How To Handle Difficult Lighting In Landscape Photography

There are some places in the world where lighting is almost never ideal, Zion National Park may be one of them.  Zion National Park made the Grand Canyon look like a cake walk when it comes to ideal lighting.  Because of the towering walls of the canyon and the clear skies one can expect lots of harsh light and shadows for the better park of the day.  You either have to get up super early or stay on the trail until after the sun sets, either way you will be hiking in the dark which is very dangerous on the trails with stunning views.  Luckily there are ways to battle the harsh highlights and stubborn shadows if you know what to do, it’s important you know your options so you don’t ruin your vacation with washed out skies and shadows with no detail.

High Dynamic Range Photography (HDR)

0114_untitled_001Straight out of the camera, HDR processed in camera, taken with the Nikon Df.  I don’t recommend in camera HDR processing even if you are using a camera with one of the best sensors on the market.  Notice the sky…  Looks like crap right?  I agree.

I think HDR is a viable option however it’s my least favorite in the entire world, you’ve got to have professional quality software ($100+) for extremely difficult lighting and be prepared to process your photograph for ten times the amount of time it took you to take it in the first place.  Sure, there are loads of cameras with HDR settings built-in where the camera will bake it for you but 9 out of 10 times you’ll be restricted to shooting in JPEG which will severely limit your post processing latitude when working with harsh light.  Can it be done?  Sure, you could paint your house with a toothbrush too but that doesn’t mean you should.

If HDR interests you but you’d like to give it a try before committing hours of your life learning the processing skills you can process your multiple images without thinking too hard by checking out easyHDR, it’s free to sample but you’ve got to pay if you want to get rid of the ugly watermarks plastered on it like pimples on a teen.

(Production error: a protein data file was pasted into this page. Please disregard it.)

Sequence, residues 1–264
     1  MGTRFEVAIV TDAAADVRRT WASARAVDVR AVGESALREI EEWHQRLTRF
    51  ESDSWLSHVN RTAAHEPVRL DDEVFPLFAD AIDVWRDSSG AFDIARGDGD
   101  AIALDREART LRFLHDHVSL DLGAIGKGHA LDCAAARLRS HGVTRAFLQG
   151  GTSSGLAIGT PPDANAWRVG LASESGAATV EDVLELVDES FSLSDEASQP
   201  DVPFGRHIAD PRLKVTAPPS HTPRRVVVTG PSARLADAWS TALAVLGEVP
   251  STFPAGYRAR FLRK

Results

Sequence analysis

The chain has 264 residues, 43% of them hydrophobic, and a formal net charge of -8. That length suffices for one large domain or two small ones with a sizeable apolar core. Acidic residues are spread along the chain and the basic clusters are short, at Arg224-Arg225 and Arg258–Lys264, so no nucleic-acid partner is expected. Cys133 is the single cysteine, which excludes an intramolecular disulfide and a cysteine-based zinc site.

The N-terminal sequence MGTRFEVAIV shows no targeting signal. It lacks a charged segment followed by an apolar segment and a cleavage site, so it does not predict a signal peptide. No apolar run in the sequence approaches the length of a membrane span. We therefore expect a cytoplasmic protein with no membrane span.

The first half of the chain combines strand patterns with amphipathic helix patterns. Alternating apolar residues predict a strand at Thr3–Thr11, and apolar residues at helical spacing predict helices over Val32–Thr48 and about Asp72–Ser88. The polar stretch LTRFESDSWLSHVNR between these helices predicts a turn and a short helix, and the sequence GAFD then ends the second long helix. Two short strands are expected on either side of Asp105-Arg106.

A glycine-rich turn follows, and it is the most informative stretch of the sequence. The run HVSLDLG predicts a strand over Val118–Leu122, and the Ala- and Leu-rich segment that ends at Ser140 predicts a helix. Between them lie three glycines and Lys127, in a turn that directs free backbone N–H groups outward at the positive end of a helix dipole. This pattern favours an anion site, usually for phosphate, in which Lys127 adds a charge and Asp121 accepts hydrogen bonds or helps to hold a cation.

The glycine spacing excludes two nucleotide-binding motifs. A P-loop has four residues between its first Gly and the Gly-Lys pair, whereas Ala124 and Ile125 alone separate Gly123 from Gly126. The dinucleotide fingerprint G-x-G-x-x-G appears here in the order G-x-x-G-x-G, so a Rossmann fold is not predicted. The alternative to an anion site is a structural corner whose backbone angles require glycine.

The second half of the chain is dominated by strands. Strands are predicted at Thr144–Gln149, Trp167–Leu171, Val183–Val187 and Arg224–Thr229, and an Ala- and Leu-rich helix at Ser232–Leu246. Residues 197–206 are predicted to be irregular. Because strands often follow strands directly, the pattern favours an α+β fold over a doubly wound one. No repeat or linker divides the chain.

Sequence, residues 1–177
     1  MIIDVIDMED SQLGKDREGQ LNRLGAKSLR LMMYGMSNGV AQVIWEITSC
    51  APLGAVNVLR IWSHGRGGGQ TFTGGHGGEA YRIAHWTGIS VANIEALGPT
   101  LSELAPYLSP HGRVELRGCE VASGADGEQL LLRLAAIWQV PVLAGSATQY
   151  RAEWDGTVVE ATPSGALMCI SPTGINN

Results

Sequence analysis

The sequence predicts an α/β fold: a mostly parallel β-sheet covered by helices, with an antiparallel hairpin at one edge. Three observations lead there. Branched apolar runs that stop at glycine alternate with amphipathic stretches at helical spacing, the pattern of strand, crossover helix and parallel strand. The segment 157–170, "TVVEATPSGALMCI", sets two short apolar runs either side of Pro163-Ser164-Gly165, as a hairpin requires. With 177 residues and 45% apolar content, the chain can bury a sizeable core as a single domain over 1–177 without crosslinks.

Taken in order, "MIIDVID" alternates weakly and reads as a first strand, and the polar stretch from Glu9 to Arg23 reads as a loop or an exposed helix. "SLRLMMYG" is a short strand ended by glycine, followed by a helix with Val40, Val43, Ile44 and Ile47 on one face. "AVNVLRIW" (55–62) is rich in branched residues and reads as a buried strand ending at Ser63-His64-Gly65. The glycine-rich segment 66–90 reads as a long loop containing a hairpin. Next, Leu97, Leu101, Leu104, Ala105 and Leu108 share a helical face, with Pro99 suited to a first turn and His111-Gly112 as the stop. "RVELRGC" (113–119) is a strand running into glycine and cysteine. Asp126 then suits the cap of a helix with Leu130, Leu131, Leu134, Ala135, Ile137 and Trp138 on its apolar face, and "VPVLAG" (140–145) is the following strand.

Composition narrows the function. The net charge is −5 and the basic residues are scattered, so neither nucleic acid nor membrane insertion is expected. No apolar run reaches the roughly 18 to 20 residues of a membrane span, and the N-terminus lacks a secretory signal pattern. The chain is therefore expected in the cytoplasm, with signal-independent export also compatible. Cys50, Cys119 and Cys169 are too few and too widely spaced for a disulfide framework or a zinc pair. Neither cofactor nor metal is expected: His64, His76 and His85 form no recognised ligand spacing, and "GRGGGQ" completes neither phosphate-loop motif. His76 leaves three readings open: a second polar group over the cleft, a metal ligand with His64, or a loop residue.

0114_untitled_001-2Sample image taken with easyHDR, one of the best non-professional programs I’ve found for HDR photography.

* Before you blow up the comments defending the superiority of HDR you should know that I think HDR photography looks great, I’m just saying it’s time-consuming and is an art in and of itself.  

Underexpose or Overexpose

0114_untitled_011-2Image slightly underexposed to preserve the highlights in the sky

It’s impossible to get perfect exposure when shooting in difficult lighting, you’ll have to choose either the shadows or the highlights.  There are plenty of photographers in both the “over expose” and the “under expose” for the best results camp.  The answer is…  It depends on how far you go either way.  Either will work well so long as it’s only over or under by a stop or two, any more than that and you can kiss the details goodbye.

0114_untitled_012-2The same image as above but processed to recover the shadows and retain the details.  The photo was taken as a RAW file in order to retain the amount of detail needed to make the aforementioned adjustments.